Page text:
So far, 2011 has been a remarkable year. With events like those that have changed the power dynamics throughout the Arab world, or the tsunami in Japan that disrupted many global supply chains, it's easy to think that the world is becoming ever more connected and interdependent.
So this year, as in years past, to get a sense of how people are thinking about globalization, I begin many of my speaking engagements with a brief test, a simple multiple-choice question:
Did you pick the third quote? If so, you're in good company. Among the several dozen audiences to which I have administered this test over the years, that third quote, which suggests that the we live in one, integrated world — what I call World 2.0 — is the one that garners the most support, usually a majority. Spouting such attitudes — the flattening of the world, the death of distance, and the disappearance of differences across countries — seems to be considered a hallmark of global thinking.
But I prefer to think of it as globaloney.
Why? Because economic data simply don't support the view that we live in a flat, connected world, even if we are technologically connected with everyone, everywhere, all of the time. Data show that most types of economic activity that could be carried out across national borders are actually still concentrated domestically. For example, take foreign investment. Of all the capital being invested around the world, how much would you think is foreign direct investment by companies outside of their home countries? 25%, maybe? More, if you've heard the globaloney about "investment knowing no boundaries"? The fact is, the ratio was less than 9% in 2009 and, while it may be pushed higher by merger waves, has never reached 20%.
As the chart below demonstrates, the actual levels of globalization associated with telephone calls, long-term migration, university enrollment, stock investment, and trade as a fraction of gross domestic product (GDP) — look at the blue bars — resemble the data presented above: they fall much closer to 10% than the levels close to 100% that one would expect if one took the gurus of globaloney at their word.
Most people aren't, of course, quite that credulous. But globaloney does seem to have influenced their perceptions. Thus, 400 respondents to a (pre-crisis) poll about globalization levels on HBR.org came up with the responses summarized in green in the chart below. Note the systematic tendency to overestimate globalization levels, and by a wide margin: the responses (the green bars) averaged 30% versus real values (the blue bars) that averaged 10%. And to aggravate matters, respondents with more than 10 years' experience actually are farther off the mark than ones with less experience!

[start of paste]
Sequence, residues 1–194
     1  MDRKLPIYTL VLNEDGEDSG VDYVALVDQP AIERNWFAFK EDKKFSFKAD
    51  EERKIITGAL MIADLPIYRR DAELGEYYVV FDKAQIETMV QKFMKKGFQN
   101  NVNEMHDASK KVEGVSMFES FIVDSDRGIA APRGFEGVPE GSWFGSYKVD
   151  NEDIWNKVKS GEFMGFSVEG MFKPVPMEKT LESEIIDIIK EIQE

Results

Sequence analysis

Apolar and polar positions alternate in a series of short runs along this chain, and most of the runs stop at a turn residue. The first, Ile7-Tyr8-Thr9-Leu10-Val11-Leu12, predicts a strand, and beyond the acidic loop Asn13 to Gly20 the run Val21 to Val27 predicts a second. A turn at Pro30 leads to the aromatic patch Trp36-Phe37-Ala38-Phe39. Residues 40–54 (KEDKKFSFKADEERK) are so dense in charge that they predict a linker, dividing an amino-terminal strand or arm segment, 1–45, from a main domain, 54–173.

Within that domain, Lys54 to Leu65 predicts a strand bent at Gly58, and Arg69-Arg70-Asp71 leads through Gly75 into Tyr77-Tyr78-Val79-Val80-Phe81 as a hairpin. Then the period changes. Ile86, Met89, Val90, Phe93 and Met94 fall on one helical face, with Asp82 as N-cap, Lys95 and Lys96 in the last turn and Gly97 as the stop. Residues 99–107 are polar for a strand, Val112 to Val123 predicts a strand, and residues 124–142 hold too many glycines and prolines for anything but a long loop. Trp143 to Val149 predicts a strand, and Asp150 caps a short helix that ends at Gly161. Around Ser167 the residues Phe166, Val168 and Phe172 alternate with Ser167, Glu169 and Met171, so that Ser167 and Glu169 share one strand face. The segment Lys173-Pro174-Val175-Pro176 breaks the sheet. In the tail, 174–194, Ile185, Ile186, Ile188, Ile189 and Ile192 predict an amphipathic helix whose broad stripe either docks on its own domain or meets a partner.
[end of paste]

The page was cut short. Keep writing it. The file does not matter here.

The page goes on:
Even though there are many skeptics, as I was recently reminded when the Economist presented some of these data in its Schumpeter column, stirring a lot of skeptical commentary online, the fact is that the world is far from being completely integrated and that the rhetoric of globaloney is far removed from reality.
Why are smart people so susceptible to globaloney? One reason is that we tend to believe whatever we most desire or fear. For businesspeople, there is the big draw of unbounded profits in a borderless world. And for many others, there are deep seated fears that globalization might be exploitative, harmful to our cherished cultures, dangerous for the natural environment, and so on. In reality, both of these perspectives are misguided. Increasing cross-border integration offers the potential for huge economic and other gains, but not through the development of stateless corporations that sell the same things to everyone, everywhere. And most of the prevalent fears about globalization are also overblown, or otherwise amenable to mitigation.
If you were as surprised by these data as some of the folks in my audiences this year so far, what do you make of it? Are you, too, susceptible to globaloney?
Pankaj Ghemawat is the Anselmo Rubiralta Professor of Global Strategy at IESE Business School in Barcelona, and the author of World 3.0: Global Prosperity and How to Achieve it (HBR Press, 2011).